Wednesday, 20 February 2013

Cute Squirrel Pictures

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Cute Squirrel Pictures Biography
Squirrels belong to a large family of small or medium-sized rodents called the Sciuridae. The family includes tree squirrels, ground squirrels, chipmunks, marmots (including woodchucks), flying squirrels, and prairie dogs. Squirrels are indigenous to the Americas, Eurasia, and Africa, and have been introduced to Australia. The earliest known squirrels date from the Eocene and are most closely related to the mountain beaver and to the dormouse among living rodent families.The word "squirrel", first specified in 1327, comes from Anglo-Norman esquirel from the Old French escurel, the reflex of a Latin word sciurus. This Latin word was borrowed from the Ancient Greek word σκίουρος, skiouros, which means shadow-tailed, referring to the bushy appendage possessed by many of its members.[1][2]
The native Old English word, ācweorna, survived only into Middle English (as aquerne) before being replaced.[3] The Old English word is of Common Germanic origin, with cognates such as German Eichhorn, Norwegian ekorn, Dutch eekhoorn, Swedish ekorre and Danish egern.
Characteristics
Skull of an Oriental giant squirrel (genus Ratufa) - note the classic sciuromorphous shape of the anterior zygomatic region.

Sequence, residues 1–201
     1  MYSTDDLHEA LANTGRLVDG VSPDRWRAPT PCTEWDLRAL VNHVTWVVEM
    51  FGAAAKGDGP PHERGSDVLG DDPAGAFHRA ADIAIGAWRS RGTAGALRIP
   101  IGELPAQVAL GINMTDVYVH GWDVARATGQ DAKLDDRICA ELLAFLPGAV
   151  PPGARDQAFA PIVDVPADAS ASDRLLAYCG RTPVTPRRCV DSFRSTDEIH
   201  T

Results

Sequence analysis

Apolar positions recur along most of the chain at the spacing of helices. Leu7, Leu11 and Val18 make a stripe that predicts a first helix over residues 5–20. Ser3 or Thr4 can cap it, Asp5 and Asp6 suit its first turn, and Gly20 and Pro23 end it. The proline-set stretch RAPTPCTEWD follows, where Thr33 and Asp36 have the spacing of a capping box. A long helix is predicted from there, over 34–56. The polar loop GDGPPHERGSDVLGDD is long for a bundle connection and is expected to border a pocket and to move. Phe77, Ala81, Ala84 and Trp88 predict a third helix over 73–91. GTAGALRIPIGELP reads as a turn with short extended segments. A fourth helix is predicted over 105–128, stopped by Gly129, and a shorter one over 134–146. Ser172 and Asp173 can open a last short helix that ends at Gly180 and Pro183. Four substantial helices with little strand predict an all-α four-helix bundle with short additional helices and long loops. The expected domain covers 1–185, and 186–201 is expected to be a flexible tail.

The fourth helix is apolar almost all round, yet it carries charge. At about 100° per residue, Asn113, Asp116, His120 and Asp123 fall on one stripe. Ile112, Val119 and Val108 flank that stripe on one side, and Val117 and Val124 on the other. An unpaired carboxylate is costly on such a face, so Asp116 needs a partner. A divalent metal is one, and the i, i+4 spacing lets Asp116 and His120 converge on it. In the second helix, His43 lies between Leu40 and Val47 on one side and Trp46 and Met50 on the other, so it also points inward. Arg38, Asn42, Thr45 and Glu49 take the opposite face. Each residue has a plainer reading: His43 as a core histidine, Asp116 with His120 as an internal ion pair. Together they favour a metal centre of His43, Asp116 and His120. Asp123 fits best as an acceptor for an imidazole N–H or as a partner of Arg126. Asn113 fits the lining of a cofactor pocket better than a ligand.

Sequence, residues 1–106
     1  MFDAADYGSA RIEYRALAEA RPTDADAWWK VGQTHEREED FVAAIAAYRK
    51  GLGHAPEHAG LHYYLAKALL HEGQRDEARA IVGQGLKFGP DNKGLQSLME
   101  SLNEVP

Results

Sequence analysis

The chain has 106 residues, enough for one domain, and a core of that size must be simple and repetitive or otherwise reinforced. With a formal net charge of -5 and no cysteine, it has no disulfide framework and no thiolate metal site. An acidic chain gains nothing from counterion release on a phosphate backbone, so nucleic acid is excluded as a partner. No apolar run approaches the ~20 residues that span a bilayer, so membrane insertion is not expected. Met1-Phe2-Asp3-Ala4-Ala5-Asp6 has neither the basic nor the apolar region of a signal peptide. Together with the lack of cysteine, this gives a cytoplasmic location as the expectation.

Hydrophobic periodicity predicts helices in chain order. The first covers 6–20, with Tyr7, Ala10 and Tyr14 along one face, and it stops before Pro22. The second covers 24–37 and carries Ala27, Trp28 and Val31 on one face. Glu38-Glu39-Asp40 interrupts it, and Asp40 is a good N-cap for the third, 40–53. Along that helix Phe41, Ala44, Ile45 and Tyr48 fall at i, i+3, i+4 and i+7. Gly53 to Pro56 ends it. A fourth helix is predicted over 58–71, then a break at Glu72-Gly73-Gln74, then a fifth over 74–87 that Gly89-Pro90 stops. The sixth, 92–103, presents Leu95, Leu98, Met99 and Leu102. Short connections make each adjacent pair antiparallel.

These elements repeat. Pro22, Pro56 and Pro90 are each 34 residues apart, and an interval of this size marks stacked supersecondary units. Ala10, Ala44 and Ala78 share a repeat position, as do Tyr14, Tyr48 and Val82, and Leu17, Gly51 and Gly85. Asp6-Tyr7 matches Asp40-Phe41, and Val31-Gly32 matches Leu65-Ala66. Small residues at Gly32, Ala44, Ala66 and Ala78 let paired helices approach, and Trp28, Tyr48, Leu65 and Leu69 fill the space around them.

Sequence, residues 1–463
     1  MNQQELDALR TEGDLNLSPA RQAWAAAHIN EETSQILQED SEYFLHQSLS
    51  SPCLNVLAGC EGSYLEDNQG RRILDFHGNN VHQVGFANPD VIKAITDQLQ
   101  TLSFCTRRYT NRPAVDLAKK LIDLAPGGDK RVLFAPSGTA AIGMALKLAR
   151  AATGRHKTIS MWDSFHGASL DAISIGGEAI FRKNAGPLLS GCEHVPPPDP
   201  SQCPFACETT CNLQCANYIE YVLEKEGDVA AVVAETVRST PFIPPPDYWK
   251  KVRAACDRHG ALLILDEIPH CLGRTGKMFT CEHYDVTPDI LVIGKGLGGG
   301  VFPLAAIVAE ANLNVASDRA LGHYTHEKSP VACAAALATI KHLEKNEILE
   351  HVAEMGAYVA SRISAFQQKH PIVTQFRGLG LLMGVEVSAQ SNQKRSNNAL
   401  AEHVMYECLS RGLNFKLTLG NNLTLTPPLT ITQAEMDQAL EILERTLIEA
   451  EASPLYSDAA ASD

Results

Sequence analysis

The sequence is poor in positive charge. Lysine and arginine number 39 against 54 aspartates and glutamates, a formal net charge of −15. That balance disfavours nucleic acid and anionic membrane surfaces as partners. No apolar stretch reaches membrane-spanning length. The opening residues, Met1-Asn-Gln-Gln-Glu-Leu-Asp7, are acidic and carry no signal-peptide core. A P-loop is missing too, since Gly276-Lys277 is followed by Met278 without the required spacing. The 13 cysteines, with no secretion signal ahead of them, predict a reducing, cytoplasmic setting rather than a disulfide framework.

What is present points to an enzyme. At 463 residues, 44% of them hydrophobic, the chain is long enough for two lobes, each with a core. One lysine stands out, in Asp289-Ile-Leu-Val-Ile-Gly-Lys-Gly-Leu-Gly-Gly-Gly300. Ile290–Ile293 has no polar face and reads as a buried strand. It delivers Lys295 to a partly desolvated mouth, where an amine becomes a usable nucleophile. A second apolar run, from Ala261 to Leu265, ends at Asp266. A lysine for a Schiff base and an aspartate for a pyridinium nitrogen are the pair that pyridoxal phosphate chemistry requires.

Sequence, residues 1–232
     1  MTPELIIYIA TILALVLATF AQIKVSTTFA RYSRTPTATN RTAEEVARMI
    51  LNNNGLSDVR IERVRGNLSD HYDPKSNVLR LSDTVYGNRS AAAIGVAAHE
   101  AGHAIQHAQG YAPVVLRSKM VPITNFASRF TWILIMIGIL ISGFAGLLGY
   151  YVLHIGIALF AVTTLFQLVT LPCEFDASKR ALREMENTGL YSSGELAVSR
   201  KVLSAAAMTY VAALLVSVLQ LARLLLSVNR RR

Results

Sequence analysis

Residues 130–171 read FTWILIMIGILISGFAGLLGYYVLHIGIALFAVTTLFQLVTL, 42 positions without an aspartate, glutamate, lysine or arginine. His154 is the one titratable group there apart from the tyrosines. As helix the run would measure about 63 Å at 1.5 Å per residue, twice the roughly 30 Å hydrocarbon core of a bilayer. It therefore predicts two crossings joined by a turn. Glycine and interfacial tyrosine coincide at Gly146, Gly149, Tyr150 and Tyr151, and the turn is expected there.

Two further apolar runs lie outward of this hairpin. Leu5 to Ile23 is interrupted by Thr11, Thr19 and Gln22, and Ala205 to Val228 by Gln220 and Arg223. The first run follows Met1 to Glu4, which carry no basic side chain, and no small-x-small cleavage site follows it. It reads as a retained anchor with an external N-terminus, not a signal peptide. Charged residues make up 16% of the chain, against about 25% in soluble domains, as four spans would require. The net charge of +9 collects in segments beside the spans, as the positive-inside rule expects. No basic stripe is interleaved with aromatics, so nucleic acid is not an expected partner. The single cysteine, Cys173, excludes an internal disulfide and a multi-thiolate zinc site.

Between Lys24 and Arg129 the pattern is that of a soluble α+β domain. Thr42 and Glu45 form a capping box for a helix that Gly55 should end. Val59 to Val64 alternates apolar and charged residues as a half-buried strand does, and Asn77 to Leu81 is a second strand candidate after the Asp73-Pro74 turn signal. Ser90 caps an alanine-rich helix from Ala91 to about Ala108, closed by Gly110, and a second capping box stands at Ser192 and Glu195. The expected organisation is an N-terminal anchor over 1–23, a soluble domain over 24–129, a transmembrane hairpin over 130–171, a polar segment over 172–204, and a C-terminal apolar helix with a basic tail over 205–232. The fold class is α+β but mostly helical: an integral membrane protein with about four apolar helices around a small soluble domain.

Squirrels are generally small animals, ranging in size from the African pygmy squirrel at 7–10 cm (2.8–3.9 in) in length and just 10 g (0.35 oz) in weight, to the Alpine marmot which is 53–73 cm (21–29 in) long and weighs from 5 to 8 kg (11 to 18 lb). Squirrels typically have slender bodies with bushy tails and large eyes. Their fur is generally soft and silky, although much thicker in some species than others. The color of squirrels is highly variable between—and often even within—species.[4]
The hind limbs are generally longer than the fore limbs, and they have four or five toes on each foot. Their paws on their fore feet include a thumb, although this is often poorly developed. The feet also have soft pads on the undersides.[5]
Squirrels live in almost every habitat from tropical rainforest to semiarid desert, avoiding only the high polar regions and the driest of deserts. They are predominantly herbivorous, subsisting on seeds and nuts, but many will eat insects and even small vertebrates.[6]
As their large eyes indicate, squirrels generally have an excellent sense of vision, which is especially important for tree-dwelling species. They also have very versatile and sturdy claws for grasping and climbing.[7] Many also have a good sense of touch, with vibrissae on their heads and limbs.[5]
The teeth of sciurids follow the typical rodent pattern, with large gnawing incisors that grow throughout life, and grinding cheek teeth set back behind a wide gap, or diastema. The typical dental formula for sciurids is [citation needed]
The life span of the Gray squirrel is approximately six years. Most urban squirrels do not reach their first birthday. This is due not to predators, but rather to automobiles. Compare this to its rural counterpart, which often perishes from lack of food.[8]